Pacific Island Guide > Austral Islands
The Austral Islands (French: Îles Australes) are a volcanic island group comprised of seven atolls which are the southernmost group of islands in French Polynesia, an overseas collectivity of France in the South Pacific
Geographically, the Austral Islands consist of two separate archipelagos: the Tubuai Islands (French: Îles Tubuaï), consisting of Îles Maria (Hull); Rimatara; Rurutu; Tubuai and Raivavae or Raevavae; and the Bass Islands (French: Îles Bass), consisting of Rapa (Oparo) and Marotiri (Bass). Several of the islands have uninhabited islets or rocks off their coastlines.
Tubuai is very fertile. Oranges, coffee, arrowroot, tobacco, and copra are grown. The climate is healthy and temperate. Population is about 2,400 and mainly consists of Polynesian people.
There are three branches of the LDS Church in the Austral Islands, and they are the earliest in the Pacific, dating back to 1844-1852.
1775 Spaniard Gayanges discovers Raivavae (Austral).
1777 Tubuai was visited by British Captain James Cook.
1797 Wilson discovers Mangareva and Vaitahu.
1843 Mormon missionaries arrived in Tubuai and in Papeete.
1867 Epidemics in Rapa of the Austral Islands. A French protectorate is established.
1880 Tubuai was annexed by France.
1900 Rurutu and Rimatara of the Austral Islands are annexed by France.
1938 French authorities imposed strict regulations on immigration and tourism.
Family History Work
Instructions for French Polynesian Family History work from Ives Perrin:
Brother Perrin served as LDS Mission President in Tahiti, and as a Church educator in the islands of French Polynesia for several years. His suggestions for the steps a person from French Polynesia should take to get records after interviewing family members are as follows:
1. We must secure an official government record.
Citizens are required to do this by law, but people on the outer islands sometimes put it off. People have a Polynesian name and an official French name. We must have the French name when we declare births with the government. We can find our parents’ records, which tell where we are from.
2. We can then go to the Family History Center in Papeete and ask for help from the directors.
Presently, Elder and Sister Gautier are the FHC Directors. They both are fluent in French, and Sister Gautier knows Tahitian. They both understand the full situation of getting access to records.
3. A person needs to know the French language to use the government records.
If we do not speak French, we should ask a translator to go with us.
4. We can use the Family History Library Catalog to gain access to the records the Family History Library has.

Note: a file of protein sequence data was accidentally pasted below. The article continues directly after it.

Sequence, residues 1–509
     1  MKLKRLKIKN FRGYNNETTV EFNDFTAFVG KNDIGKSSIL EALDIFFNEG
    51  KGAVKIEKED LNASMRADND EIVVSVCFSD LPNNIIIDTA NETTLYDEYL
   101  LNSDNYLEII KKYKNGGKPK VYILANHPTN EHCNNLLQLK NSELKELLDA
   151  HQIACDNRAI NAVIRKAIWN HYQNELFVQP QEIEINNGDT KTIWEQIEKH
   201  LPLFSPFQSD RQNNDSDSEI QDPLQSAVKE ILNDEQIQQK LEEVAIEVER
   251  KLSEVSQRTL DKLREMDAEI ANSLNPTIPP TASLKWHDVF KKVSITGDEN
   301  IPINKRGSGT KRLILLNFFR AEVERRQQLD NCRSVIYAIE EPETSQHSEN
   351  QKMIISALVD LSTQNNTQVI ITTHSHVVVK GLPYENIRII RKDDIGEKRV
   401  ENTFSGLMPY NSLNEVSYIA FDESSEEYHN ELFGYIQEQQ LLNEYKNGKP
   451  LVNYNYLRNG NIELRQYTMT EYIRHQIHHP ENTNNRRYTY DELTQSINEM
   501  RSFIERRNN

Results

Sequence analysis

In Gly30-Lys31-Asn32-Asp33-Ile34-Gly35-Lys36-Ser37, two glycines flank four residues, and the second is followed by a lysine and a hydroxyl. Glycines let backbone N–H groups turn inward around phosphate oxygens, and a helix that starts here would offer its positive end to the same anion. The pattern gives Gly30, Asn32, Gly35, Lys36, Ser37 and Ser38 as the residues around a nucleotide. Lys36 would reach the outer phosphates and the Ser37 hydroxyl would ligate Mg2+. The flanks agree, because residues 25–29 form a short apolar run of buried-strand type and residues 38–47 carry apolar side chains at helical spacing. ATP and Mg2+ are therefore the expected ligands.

One oral genealogy which a member gave to Ives contained 77 generations. It is also in the Family History Library Catalog under the subject French Polynesia - Church History. It also appears in the book Seasons of Faith and Courage, by S. George Ellsworth and Kathleen C. Perrin, Published by Yves R. Perrin. This book is also in the Family History Library Catalog.
Ives recommended that we read the book Tahiti in Ancient Days. It has information about Thor Heyerdahl’s expeditions. Another book with information about Heyerdahl’s research is American Indians in the Pacific.
- Go to the Internet at familysearch.org and click on the Library. From that tab, click on the Family History Library Catalog. We can type in French Polynesia to get a list of the islands and island groups and to see what records were made under this large jurisdiction. Then we should type in the name of each island group for records in that jurisdiction and then type in the name of the island that interests you. On Tahiti, records are listed under the name of the town. Also, we should do a keyword search on Tahiti. Over 220 items will appear.
Note: All of these islands are a protectorate of France. The people of these islands are full citizens of France. School children must learn French history. French is the governing language, and the civil records are kept in French. Jurisdictions are organized the same way
- Births, marriages, and deaths are recorded by the government, and citizens are required to have an official government record. Tables are published by the government every ten years giving an index to the names in the records. This facilitates genealogical research up to the time when the French first came to the islands. They have been keeping records since the early 1800's.
- Notarial records are available from the year 1862.
- Large numbers of civil registration records are available from 1843.
- A large number of oral genealogies and land records are also available.
Tahiti: 795887, 795889
Tubuai (Austral Islands): 795889
- We can also use a Film/fiche number search and look at the descriptions of the following microfilms, all of which contain French Polynesian information: 795887, 795888, 795889,181746 Item 7, and 1515054.